In talks Thursday with the council's chairman, Mustafa Abdul Jalil, British Prime Minister David Cameron invited the group to establish a formal office in London. Cameron said Britain would also boost its presence in Benghazi, the de facto rebel capital.
The United States has not recognized the opposition formally, although it has provided aid. Italy and France have recognized the opposition group.
As the opposition sought greater support, the International Criminal Court at The Hague in the Netherlands said it will unveil Monday the names of those who are "most responsible for crimes allegedly committed in Libya."
The names will be submitted to the court's chief prosecutor, Luis Moreno-Ocampo, who has been seeking warrants for three individuals in crimes against humanity allegedly committed since February, when the Libyan uprising erupted.
Libyan state television broadcast video late Wednesday that it said showed Gadhafi meeting with tribal elders in a Tripoli hotel, marking the strongman's first public appearance in nearly two weeks.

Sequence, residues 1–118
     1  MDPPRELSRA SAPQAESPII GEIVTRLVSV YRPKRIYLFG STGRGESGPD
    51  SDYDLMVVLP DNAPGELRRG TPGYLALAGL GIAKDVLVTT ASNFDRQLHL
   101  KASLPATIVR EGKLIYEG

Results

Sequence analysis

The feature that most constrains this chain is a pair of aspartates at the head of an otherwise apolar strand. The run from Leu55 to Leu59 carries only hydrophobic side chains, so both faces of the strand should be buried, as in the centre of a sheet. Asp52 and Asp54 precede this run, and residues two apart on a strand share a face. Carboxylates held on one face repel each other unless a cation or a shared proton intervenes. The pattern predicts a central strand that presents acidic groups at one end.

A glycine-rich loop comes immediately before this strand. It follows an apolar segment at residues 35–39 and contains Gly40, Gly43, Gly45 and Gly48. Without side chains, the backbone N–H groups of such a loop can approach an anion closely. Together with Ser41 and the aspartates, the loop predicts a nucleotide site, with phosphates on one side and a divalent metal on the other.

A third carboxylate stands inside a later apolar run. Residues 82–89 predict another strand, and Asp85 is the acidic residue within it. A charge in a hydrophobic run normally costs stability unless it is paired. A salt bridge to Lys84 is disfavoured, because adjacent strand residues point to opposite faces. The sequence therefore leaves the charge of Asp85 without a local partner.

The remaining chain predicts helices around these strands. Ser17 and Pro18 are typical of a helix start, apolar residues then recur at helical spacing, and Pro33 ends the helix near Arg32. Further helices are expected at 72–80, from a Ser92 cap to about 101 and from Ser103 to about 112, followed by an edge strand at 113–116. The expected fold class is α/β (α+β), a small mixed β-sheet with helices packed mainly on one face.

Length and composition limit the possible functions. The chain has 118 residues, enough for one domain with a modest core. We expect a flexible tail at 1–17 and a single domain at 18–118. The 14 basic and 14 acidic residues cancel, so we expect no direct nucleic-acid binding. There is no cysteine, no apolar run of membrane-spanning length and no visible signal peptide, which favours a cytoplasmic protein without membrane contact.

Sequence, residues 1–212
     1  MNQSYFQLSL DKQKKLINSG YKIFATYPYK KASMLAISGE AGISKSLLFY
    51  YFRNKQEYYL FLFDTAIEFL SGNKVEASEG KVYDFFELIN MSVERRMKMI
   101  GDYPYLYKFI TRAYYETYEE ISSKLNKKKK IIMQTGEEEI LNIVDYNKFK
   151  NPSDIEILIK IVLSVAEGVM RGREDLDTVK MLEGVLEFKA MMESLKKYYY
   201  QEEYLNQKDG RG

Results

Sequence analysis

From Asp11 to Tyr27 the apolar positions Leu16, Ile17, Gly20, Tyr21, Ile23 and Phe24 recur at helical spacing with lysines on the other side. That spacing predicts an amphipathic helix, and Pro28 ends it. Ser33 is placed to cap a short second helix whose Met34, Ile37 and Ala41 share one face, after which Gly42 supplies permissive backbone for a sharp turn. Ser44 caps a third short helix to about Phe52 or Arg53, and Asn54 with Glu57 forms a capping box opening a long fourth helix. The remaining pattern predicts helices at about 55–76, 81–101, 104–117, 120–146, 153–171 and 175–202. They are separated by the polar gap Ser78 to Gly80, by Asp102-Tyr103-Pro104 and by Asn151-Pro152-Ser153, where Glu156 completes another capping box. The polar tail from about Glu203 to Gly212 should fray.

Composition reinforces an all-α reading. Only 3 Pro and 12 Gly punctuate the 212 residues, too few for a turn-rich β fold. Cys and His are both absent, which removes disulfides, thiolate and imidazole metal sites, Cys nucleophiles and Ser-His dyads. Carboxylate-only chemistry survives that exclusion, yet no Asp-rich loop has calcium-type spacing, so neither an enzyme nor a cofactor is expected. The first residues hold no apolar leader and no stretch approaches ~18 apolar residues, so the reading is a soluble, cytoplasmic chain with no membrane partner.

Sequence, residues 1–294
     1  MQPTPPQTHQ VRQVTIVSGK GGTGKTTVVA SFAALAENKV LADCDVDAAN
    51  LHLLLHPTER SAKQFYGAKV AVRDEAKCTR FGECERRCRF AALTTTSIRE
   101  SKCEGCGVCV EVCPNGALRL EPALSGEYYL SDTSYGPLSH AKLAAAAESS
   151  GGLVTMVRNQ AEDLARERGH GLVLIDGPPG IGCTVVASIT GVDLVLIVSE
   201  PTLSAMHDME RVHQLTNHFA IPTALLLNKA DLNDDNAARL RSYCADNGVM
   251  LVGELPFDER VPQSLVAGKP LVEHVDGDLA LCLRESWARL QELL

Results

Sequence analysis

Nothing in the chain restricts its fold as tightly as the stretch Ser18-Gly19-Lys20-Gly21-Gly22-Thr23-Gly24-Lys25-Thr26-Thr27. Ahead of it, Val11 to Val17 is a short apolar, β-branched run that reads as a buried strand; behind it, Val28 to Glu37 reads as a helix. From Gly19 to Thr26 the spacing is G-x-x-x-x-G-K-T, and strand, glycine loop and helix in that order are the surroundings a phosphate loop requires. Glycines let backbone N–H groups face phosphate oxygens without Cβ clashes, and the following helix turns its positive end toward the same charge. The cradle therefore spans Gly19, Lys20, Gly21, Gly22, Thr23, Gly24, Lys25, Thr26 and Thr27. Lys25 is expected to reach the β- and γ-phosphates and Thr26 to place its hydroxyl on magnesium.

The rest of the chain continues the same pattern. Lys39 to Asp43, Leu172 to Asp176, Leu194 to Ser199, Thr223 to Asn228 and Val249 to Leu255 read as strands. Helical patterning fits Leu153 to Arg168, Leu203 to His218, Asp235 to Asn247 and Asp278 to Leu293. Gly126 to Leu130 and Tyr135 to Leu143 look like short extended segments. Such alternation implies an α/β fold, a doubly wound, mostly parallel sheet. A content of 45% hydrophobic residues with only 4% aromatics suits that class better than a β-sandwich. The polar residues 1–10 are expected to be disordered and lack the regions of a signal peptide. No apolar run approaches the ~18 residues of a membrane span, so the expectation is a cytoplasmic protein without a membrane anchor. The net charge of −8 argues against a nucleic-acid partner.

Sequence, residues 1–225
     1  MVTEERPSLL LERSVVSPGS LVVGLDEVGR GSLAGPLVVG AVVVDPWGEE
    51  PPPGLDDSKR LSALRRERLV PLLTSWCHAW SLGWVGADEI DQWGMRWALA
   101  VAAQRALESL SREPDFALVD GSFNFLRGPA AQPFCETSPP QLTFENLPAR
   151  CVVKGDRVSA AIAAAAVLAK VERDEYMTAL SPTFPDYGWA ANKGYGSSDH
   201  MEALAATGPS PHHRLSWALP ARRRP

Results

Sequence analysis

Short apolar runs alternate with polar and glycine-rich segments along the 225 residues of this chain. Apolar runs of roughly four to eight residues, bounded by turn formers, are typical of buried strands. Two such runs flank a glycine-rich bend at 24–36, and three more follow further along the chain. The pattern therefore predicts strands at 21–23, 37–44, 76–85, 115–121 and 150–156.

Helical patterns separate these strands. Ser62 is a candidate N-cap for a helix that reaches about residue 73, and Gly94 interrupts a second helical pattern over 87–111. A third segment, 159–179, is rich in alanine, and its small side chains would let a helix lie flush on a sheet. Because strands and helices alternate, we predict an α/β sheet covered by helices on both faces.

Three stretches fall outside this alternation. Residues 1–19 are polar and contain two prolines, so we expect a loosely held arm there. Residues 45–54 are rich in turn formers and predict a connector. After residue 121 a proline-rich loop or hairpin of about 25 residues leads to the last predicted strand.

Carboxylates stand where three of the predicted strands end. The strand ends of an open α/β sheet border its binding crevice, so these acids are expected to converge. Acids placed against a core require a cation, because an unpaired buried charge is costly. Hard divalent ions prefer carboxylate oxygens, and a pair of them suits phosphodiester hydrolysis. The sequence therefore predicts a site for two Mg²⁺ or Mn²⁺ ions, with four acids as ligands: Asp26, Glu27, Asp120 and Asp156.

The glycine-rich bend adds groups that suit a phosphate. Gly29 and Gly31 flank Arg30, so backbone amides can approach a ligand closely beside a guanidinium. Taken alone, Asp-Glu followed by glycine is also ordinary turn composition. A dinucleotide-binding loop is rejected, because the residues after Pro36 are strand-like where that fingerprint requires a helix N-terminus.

The camera panned from a television program bearing the date of May 11 to the group of more than a dozen men, including Gadhafi.
Gadhafi, wearing sunglasses and dark clothing, had not been seen on television since April 30, the same day a NATO airstrike hit the Tripoli compound reportedly housing him and one of his sons. Libyan officials said at the time that Saif al-Arab Gadhafi was killed but that his father had escaped.
Gadhafi has been firm in his attempt to retain power in Libya. Loyalist forces and rebel fighters, aided by NATO airstrikes, have been fighting each other for weeks.